When you pursue working out, there’s a lot to consider before you get started. What are my goals for my workout routine? What do I expect to accomplish? Am I simply trying to stay in shape or pursuing muscle gain? Each of these will contribute to how you move forward as an athlete, and whether you move forward on your own or with others.
What are my fitness goals?
Setting these apart is necessary before you venture forward with a new workout routine. The reason this is necessary early on is because when you workout with others, athlete goals have a tendency to shift. If you are comfortable with the change and feel they were either too high or too low of self-expectations, then by all means, make the change.
However, for the most part these changes are made to pace well with your group/partner. Don’t make that mistake! Every athlete’s goals should be very personal. You do not need to meet the expectations or growth goals of the group.
Now, having said that, there is self-discipline to consider as a factor. This isn’t as much for setting the goals, but honoring them as you progress. When starting out with a fitness regiment, the desire to quit will be a very easy out for any new athlete. It’s extremely difficult to commit yourself to a process when the results may seem minimal. Remember: this happens to every athlete. It takes time, commitment, focus, and hard work to achieve desired results.
Finding the right fitness partner
Finding a partner that pairs well with your personality is difficult for most athletes. It’s easy to workout with a friend or a roommate, given the convenience of the space. However, if their personality doesn’t mesh well with your growth goals, then you may want to pursue finding someone with similar attitudes towards working out. Here are a few things to be on the lookout for when attempting this.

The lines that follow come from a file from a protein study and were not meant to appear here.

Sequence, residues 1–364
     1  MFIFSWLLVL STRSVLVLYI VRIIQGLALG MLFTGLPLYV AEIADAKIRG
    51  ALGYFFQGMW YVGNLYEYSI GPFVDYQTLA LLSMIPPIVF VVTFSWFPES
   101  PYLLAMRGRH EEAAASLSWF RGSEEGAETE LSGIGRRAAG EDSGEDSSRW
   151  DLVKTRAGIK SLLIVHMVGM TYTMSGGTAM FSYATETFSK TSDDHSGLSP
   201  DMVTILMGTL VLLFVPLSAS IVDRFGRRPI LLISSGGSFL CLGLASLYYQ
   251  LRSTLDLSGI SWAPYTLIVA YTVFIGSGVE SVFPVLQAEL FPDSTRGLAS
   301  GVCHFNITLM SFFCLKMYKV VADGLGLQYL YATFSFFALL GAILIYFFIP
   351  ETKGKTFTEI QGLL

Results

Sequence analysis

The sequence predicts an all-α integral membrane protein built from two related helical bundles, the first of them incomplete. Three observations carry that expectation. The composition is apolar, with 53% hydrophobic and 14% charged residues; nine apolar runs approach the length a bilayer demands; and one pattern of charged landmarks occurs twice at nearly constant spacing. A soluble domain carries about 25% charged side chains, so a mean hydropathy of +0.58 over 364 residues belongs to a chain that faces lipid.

How often do you feel you are the only one committed? If you are committed to the process, it’s very difficult to work with someone who isn’t. For example, if you committed to a regular workout every Tuesday and Thursday with your fitness partner, but constantly find that they need to reschedule or can’t attend for some outside reason, their commitment is in question. Things do come up and you may need to change the schedule you have together, but there needs to be effort made for this to happen on their end. Should you not see that effort being made, it may be time to work with someone new.
When the energy you have isn’t matched – Working out together and pursuing goals can be very personal. If you are putting positive energy and reinforcement into each workout that isn’t bein reciprocated, this will emulate the commitment factor. You won’t feel pushed to workout, and in turn, neither will they. This will cause your results to diminish, and you may not even realize it initially.
For firm, steady workout routines, give us a call today to learn more about progressing your fitness routine. We’ll ensure you are getting the right assistance, results, and enforcement to keep going on your path. We’re really looking forward to hearing from you!